oxalis has officially been designated one of my least favorite plants. the other being liriope.
Thursday, December 25, 2003
Basil and Peppers.
a couple of observations:
- i have always had it in my head that basil died when temperatures fell below ~50F, so i've been pleasantly surprised by the fact that the two "purple ruffles" plants i spared continue to grow despite several nights in the 30s and 40s (but no freezes yet). now i regret pulling out the rest of the basil.
- i also didn't realize that pepper plants could be perennials. the two serranos that remain have not only put out lots of new growth after being severely cut back, but they are also blooming and setting fruit! of course, the tiny peppers could very well fall off if / when we have sustained low temperatures. and the new leaves will be especially vulnerable to freezing when the time comes, but now i'm hopeful of having a "winter" crop of serranos.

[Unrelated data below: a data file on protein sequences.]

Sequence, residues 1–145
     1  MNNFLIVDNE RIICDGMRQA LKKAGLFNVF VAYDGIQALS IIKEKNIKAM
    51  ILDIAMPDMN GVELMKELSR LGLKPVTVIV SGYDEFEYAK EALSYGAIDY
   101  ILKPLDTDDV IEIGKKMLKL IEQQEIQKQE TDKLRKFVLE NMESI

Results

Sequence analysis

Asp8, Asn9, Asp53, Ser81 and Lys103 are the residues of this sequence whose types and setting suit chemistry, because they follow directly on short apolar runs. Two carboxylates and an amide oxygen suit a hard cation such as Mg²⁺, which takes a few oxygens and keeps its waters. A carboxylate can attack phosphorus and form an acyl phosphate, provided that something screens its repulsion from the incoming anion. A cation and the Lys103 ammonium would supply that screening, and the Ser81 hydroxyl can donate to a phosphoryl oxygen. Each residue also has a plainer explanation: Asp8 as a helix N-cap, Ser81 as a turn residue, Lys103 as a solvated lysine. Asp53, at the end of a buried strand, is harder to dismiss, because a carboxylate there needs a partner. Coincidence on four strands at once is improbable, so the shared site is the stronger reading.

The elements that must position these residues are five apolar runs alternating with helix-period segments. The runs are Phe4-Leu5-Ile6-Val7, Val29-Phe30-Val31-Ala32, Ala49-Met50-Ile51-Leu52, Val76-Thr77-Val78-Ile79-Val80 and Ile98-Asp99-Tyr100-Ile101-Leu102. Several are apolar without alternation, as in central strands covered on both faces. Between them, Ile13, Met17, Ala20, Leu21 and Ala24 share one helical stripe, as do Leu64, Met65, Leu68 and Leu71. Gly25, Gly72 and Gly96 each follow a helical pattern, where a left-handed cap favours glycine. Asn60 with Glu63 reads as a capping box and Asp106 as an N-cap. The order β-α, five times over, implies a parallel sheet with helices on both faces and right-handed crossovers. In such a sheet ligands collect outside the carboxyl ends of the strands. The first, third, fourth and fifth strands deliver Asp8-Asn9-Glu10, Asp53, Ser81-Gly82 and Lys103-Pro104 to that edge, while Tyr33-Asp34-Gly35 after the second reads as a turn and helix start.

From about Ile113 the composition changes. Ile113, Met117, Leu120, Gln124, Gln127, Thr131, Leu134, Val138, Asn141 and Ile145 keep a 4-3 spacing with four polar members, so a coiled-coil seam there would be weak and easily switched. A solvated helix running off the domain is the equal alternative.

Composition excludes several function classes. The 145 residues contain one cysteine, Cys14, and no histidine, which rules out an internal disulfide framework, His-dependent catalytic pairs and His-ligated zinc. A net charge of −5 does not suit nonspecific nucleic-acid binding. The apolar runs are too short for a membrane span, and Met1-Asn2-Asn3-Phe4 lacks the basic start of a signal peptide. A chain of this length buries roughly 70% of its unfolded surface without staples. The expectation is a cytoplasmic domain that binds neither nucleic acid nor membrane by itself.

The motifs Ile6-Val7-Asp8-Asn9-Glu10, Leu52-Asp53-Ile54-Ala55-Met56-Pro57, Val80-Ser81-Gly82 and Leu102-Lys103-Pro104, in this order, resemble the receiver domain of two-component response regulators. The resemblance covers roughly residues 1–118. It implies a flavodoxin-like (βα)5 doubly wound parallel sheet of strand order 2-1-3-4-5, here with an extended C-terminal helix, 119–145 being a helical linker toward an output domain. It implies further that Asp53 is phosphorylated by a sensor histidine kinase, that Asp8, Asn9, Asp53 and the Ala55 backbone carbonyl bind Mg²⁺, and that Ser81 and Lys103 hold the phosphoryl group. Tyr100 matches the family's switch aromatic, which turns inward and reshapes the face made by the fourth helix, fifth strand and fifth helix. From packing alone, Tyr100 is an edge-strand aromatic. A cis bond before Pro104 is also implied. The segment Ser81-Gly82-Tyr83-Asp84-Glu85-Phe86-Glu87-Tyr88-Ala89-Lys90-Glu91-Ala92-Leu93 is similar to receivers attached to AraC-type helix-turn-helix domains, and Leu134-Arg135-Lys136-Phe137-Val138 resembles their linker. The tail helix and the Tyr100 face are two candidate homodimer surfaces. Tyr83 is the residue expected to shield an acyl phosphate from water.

Oxalis = Evil.
more on this later...
Saturday, December 20, 2003
Orchids and Worms.
Capsicum annuum var. glabriusculum (Bird Pepper).
last week darin brought me an unknown plant from a friend's property near austin. it had been growing in the underbrush and its sparse leaves made it look ratty. however, it was covered with tiny, bright red berries so i had him put it in a temporary container until i could decide what to do with it.
today i squished one of the berries -- they are tiny, pearl sized -- with my finger. not much came out, just a little juice and a few seeds. looking at the seeds, i realized that they looked just like pepper seeds.
i've read about chile pequin, aka "bird pepper," and know they grow wild in texas, but i've never seen either plant or fruit.
now, i'm an incredibly cautious person and have a very healthy respect for what i don't know. totally against character, i touched the squished berry to my tongue. only a teensy bit.
holy cow, it was HOT! my lips were on fire for twenty minutes. these are much hotter than serranos.
drinking lots of milk does alleviate the burn.
i didn't think chile pequin had any use beyond providing food for birds (certainly reason enough for existence), but it turns out that they are attractive small perennials and can be used as an ornamental.